U.S., Israel begin joint missile defense operations in Juniper Cobra

Elements of the U.S. military and Israel’s defense forces have begun the largest-ever joint anti-missile exercises in the Jewish nation, as a means of countering a rising missile threat from Hezbollah, Syria, and Iran.

Around 2,000 missile defense troops from the IDF are joining about 2,500 U.S. personnel in the drills, called Juniper Cobra.

In response to the rising missile threats from regional enemy states and their proxies, Israel is pressing to build a multi-layered missile defense with its Arrow 2 and Arrow 3, Iron Dome and David’s Sling anti-missile systems.

Israel is seeking U.S. assistance in helping to construct the multi-layered defenses.

“When necessary, US forces will deploy in Israel and fight alongside Israel’s Aerial Defense Division in order to protect Israel from missiles,” Brig. Gen. Tzvika Haimovich, commander of the IAF Aerial Defense Division, said. “This is the only division in the IDF whose operational goal includes cooperation with international forces, and the breadth of this exercise is unprecedented. This is an opportunity for the Aerial Defense Division to utilize all of its weapon systems and capabilities in one linear scenario and examine the division’s fitness.”

In the weeks prior to the exercise kick-off, large U.S. transport aircraft moved several of the most advanced ballistic missile detection and intercept batteries to be used for the exercise. In addition, hundreds of U.S. military personnel also deployed to operate the systems alongside the IDF.

In the exercise, we simulate situations we expect to experience in real-time scenarios. No interceptors are launched during the exercise, which is performed solely using challenging simulations meant to emulate the expected scenarios,” described Brig. Gen. Gershon Zlotnik, deputy division commander. “The cooperation’s biggest challenge is the need for complete coordination between the two countries, from conversing in English to using multiple weapon systems at the same time. However, the mutual training forms interpersonal relationships which strengthen the will to protect Israel together.”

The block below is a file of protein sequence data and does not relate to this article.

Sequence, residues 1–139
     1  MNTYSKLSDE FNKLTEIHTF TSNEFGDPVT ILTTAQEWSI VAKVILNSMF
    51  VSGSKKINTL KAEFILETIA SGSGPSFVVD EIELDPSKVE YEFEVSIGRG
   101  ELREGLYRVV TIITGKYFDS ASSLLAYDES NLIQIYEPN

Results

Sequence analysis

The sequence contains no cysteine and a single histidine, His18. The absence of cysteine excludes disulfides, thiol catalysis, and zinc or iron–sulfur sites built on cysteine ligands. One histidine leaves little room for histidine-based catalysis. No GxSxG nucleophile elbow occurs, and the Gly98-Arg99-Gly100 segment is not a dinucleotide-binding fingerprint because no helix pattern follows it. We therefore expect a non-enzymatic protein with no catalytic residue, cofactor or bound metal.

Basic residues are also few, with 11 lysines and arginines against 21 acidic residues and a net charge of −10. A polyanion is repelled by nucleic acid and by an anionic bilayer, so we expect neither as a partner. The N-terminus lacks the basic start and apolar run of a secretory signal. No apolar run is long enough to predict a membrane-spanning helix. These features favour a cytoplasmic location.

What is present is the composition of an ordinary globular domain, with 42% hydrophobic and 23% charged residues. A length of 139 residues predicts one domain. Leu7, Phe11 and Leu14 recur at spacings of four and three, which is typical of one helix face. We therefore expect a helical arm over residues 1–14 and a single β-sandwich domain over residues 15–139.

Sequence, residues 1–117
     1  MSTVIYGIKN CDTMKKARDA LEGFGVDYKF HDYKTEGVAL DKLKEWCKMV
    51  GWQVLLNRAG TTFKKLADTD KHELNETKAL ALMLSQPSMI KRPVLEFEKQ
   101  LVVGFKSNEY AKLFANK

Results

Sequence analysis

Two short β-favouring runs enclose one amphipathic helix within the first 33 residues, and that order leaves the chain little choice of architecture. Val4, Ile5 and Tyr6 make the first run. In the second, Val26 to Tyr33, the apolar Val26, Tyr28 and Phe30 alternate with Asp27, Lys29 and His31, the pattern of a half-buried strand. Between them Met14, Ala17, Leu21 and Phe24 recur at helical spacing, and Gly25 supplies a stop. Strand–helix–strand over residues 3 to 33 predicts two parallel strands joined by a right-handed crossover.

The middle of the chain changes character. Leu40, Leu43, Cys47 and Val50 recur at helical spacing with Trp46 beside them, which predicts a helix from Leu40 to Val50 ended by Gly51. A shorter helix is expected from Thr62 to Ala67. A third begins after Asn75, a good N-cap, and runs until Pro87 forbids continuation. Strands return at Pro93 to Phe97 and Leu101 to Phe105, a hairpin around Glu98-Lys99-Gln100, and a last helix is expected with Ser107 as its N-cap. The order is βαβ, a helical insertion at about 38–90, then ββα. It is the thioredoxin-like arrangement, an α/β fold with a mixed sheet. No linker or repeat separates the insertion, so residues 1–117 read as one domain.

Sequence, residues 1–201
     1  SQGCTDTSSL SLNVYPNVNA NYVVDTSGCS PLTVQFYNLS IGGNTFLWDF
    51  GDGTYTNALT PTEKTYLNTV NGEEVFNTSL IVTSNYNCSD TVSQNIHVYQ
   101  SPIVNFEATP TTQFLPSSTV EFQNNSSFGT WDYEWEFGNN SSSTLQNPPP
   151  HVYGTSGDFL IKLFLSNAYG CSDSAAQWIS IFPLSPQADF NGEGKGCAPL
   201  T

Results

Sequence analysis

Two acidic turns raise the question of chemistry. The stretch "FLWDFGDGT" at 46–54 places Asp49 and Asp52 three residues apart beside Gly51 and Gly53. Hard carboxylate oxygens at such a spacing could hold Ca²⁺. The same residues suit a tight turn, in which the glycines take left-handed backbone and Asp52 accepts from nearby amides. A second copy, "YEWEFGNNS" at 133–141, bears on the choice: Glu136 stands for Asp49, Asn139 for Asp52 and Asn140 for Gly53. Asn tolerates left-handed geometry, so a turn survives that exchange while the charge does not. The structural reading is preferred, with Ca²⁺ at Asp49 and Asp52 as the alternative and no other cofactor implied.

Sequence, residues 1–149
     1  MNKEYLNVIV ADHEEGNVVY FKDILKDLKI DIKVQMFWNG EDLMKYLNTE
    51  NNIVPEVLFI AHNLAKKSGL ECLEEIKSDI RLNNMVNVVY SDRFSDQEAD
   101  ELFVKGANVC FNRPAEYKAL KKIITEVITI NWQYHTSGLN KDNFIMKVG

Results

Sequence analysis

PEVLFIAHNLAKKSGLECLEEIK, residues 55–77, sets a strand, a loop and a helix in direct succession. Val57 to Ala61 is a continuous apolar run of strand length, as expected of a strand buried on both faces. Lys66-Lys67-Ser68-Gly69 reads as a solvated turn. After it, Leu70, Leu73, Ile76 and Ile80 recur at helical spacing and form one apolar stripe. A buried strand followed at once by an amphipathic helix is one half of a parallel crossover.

“In aerial defense, interception systems operate at different altitudes. As a result, we must synchronize them to achieve their full effect”, said Lt. Col. Tal Kadori, Head of the Cooperation Branch. “During the training exercise, American soldiers and Israeli soldiers sit side by side and make decisions together. The extent of the exercise brings about a need to debrief the series of operational events on a daily basis so we can draw conclusions for the following day.”

American defense media noted further:

The first part of the training exercise involves deploying the American Patriot anti-missile system, while practicing security and logistical organization. During the second part, the forces simulate challenging scenarios, in which Patriots, THAAD and the AEGIS Combat System all coordinate with Israel’s David’s Sling, Iron Dome and Arrow. The scenarios are visualized in the weapon system’s command and control stations using a complex simulator provided by the US. [source]

Analysis: What this says more than anything is that Israel can count on and expect direct U.S. military support and involvement — the actual placement of American personnel and systems in harm’s way — should the Jewish state be attacked. Short of a public announcement by President Trump and Israeli PM Netanyahu, this is the clearest sign yet to Iran and its proxies, as well as those of the Syrian government and even Russia, that any attack on Israel will trigger immediate lethal aid and assistance from the U.S. military. That alone may have just prevented an attack on Israel, which Iran has been steadily angling for, especially over the last few years as it deepened involvement in Syria’s civil war.

Of course, this comes on the heels of the establishment of the first permanent U.S. military base in Israel — an air defense base, no less. [source]

The U.S., under President Trump, is quickly reestablishing itself as Israel’s main major ally and protector. 

Jon E. Dougherty is a political, foreign policy and national security analyst and reporter with nearly 30 years of experience in both fields. A U.S. Army veteran of Operation Enduring Freedom, he holds BA in Political Science from Ashford University and an MA in National Security Studies/Intelligence Analysis from American Military University.

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